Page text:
“Thank you, my love.” She kissed him back. “Just remember, after I leave you in Berlin I’m going to worry about what happens in my own way.” She gave him her best smiling smirk in return. “I have to sit there at dinner with my parents and pretend I’m not concerned that your parents are being mean to you.”

“That’s a concern of mine as well.” He laughed as he kissed one of her hands. “I love you so much; even when you’re not there for me physically, you’re still there for me.”

She slightly bowed her head. “Of course I am: I’m you wife, and that’s what a good wife does for her husband.”

“Particularly the witchy wives.”

“Especially those—”

Their joie de vivre was interrupted by a girl’s voice from their right. “Hi.”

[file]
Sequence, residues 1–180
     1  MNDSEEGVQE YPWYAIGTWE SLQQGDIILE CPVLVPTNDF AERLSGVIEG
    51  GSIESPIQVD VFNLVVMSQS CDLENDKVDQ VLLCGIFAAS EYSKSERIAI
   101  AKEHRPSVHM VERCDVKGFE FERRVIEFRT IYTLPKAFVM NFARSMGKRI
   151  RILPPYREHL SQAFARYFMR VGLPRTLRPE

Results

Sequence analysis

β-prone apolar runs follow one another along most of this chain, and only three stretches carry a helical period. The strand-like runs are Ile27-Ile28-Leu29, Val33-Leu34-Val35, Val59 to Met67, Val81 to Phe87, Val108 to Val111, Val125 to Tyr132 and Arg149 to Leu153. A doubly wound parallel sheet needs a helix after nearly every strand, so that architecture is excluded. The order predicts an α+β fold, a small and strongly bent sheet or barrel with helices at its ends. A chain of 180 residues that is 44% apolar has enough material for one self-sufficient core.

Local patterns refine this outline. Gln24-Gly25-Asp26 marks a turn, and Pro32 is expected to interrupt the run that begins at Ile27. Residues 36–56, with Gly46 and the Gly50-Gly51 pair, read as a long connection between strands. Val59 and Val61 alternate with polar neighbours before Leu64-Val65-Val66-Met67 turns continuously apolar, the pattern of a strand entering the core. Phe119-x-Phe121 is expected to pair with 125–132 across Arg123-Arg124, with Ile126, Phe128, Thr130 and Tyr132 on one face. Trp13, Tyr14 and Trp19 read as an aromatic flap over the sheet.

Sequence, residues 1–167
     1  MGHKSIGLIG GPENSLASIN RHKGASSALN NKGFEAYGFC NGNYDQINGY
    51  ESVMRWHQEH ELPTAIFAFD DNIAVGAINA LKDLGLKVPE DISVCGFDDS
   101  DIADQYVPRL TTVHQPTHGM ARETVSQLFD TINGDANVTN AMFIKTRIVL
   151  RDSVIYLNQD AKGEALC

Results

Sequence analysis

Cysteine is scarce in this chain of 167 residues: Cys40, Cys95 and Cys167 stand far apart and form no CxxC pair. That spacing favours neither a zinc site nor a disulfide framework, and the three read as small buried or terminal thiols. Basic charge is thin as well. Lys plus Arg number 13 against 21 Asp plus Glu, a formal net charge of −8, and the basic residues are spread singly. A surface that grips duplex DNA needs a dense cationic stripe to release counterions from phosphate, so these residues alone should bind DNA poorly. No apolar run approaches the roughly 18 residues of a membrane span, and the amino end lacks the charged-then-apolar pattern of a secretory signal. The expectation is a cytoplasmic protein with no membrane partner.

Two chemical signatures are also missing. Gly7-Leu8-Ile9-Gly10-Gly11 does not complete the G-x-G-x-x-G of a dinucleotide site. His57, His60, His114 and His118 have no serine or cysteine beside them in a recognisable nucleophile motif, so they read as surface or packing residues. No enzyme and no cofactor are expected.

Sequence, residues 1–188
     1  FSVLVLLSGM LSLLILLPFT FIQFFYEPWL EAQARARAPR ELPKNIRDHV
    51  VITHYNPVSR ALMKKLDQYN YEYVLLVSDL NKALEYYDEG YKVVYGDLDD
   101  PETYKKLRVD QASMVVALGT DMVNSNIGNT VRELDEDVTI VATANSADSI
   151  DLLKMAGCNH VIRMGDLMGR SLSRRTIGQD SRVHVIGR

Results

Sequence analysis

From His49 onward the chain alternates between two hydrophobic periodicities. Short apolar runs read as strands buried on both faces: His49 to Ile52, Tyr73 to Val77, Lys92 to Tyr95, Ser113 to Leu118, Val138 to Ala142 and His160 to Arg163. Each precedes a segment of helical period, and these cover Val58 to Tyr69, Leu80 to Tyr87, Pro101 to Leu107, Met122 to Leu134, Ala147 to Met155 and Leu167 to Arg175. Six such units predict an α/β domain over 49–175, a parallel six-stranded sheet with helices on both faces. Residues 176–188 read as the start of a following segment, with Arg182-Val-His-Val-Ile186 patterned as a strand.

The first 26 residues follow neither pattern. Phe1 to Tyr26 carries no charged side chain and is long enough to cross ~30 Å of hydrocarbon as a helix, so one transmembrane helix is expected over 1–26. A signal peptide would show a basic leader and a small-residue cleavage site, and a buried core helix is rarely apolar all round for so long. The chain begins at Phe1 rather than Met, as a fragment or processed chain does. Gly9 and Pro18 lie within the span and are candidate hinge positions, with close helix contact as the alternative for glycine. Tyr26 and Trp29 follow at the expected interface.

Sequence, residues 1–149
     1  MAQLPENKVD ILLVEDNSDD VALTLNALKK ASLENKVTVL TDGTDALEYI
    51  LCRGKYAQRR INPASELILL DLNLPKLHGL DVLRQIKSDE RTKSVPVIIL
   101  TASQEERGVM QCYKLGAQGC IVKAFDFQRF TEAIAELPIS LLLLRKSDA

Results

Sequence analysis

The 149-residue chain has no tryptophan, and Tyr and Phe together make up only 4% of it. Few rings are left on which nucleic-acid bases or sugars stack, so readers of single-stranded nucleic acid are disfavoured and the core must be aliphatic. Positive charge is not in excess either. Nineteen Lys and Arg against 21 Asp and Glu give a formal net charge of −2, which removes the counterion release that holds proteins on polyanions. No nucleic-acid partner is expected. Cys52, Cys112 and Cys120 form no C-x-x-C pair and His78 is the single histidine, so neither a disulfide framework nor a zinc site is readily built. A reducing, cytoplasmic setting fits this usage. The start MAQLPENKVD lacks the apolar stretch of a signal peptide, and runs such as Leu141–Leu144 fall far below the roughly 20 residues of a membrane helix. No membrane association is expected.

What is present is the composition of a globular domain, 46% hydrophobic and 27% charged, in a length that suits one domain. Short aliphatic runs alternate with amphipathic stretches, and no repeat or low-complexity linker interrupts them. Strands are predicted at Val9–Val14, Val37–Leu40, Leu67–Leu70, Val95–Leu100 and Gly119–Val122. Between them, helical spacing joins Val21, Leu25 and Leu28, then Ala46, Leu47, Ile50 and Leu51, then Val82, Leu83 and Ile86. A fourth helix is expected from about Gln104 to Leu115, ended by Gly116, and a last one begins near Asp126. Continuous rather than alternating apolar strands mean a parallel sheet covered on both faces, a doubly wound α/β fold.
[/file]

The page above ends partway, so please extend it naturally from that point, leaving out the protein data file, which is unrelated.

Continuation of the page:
It appears those Public Displays of Affection are not confined to the school grounds, and no one is safe from these two letting their romance flow.  And they are publicly calling each other husband and wife, and outside of school as well, which means it’s likely just a matter of time before that blows up in their face and their schoolmates start giving them the crazy eye the first time they do this at school.  Unless there are students doing this in the terminal now, which would be funny as hell when you think about that happening.

But who is this girl interrupting them?  Hummm, Girl Interrupting.  That could almost be a movie title, one that had film locations not far from where I’m sitting right now.  You’ll find out who this mystery girl is tomorrow, for I have no recaps to make note for tonight, which means I can maybe finish this scene, or at least make a dent in it.